How to get ready for winter 2020
With all the changes in guidance on what you can and can’t do, it can be confusing to know what you should be doing to protect yourself from getting ill this winter. In this blog, our medical director Nick, explains what you can do to get ready for winter 2020.
For some, 2020 has meant social shielding and staying at home for many weeks. For others, strict social distancing and a huge change to everyday life. While we all adjust to a new way of living, it can be difficult knowing what you should and shouldn’t be doing to stay safe. As winter approaches, this is even more important as regular cold and flu viruses spread among the community.
There are things you can do this winter to help protect yourself and others from catching viruses, including the coronavirus.
Get your free flu vaccine as soon as possible
This year, the NHS are rolling out their biggest ever flu campaign. More people than ever will be offered the vaccine for free, to try and reduce the spread of the flu and to avoid more people becoming unwell. People who will be offered the flu jab for free include:
- those aged 65 and over
- under 65s who live with a long-term health condition, including lung disease
- those who live with someone on the shielding list
- pregnant women
- people living in care homes
- health and social care staff
The NHS is aiming to be able to extend the free vaccine to include the 50 – 64 age group in November and December. If you find you can’t get your flu vaccine yet because your GP or pharmacy doesn’t have enough supply, don’t panic and keep trying. The NHS has enough stock to go around, and the phasing is to make sure those who are most vulnerable have access to the vaccine first. If your GP doesn’t have the supply, you can go to any pharmacy offering NHS flu vaccinations. They should be able to tell you when they expect to offer you a vaccine.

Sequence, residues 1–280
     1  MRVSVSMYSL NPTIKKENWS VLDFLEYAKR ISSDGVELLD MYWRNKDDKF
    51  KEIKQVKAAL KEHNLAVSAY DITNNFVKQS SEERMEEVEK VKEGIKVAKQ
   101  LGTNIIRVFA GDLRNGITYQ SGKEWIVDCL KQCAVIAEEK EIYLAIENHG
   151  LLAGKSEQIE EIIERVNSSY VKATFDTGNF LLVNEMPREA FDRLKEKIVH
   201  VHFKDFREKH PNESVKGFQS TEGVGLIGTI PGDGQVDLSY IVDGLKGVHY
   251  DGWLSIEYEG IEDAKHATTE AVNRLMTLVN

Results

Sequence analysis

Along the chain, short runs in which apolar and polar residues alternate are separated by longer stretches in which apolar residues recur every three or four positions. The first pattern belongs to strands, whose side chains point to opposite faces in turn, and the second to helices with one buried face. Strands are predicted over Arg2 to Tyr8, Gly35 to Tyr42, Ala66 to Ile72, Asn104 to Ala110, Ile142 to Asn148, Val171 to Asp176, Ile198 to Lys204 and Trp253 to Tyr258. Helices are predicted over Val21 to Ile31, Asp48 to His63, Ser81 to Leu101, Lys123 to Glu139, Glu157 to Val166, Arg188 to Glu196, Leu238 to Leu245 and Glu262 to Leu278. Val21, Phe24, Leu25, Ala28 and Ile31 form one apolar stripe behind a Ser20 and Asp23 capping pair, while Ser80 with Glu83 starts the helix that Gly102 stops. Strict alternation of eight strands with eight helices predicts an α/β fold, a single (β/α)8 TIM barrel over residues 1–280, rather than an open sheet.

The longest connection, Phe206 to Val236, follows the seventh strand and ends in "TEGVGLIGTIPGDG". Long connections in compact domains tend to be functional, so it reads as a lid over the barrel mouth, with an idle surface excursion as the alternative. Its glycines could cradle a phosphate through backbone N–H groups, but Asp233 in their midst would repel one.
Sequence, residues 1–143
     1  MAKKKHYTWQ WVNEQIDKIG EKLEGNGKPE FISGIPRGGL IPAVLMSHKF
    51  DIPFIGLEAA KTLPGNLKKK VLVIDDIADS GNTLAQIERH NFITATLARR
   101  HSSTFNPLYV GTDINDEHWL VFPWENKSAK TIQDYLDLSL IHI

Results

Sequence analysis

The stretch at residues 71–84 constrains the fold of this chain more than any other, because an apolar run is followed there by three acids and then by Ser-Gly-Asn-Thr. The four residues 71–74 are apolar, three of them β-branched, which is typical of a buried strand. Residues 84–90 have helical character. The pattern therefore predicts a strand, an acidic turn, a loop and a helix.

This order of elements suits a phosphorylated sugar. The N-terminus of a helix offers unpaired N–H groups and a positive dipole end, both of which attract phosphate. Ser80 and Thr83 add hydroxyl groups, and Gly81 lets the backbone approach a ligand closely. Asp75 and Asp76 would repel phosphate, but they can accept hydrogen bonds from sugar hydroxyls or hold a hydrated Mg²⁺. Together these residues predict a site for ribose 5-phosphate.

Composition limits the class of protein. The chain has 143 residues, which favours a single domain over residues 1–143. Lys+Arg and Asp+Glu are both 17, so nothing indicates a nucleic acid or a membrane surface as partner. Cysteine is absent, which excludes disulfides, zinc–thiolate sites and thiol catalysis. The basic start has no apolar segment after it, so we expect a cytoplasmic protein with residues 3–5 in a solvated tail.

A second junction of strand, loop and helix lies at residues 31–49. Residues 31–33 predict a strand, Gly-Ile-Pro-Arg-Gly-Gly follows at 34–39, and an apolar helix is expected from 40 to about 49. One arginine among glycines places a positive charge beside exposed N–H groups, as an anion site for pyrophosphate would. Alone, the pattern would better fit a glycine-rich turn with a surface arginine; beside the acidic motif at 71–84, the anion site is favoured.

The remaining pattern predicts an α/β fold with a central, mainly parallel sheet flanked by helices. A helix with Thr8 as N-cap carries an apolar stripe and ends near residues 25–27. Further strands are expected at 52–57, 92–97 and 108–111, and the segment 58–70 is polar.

It’s understandable that you might be nervous about visiting a doctor’s surgery or a pharmacy to get your vaccine. Places offering the flu vaccine will be following appropriate measures to make sure you are safe. This could include careful appointment planning to minimise waiting times and social distancing measures like using your car as a waiting room. If you’re unsure about how you’ll get the jab locally, you could call your GP surgery to find out what your options are.
People who smoke are five times as likely to get flu and twice as likely to get pneumonia. Quitting smoking now will reduce the risk to yourself and reduce the winter burden on the NHS. Stopping smoking also rapidly reduces your risk of having a heart attack or stroke.
Observe social distancing with anyone you don’t live with
In order to reduce the chance of catching COVID-19, it’s important you keep your distance from anyone you don’t live with. Try to keep at least 2 metres (3 steps) away from other people, and in situations where you can’t, you should wear a face covering. Remember it’s now mandatory to wear a face covering in shops and on public transport.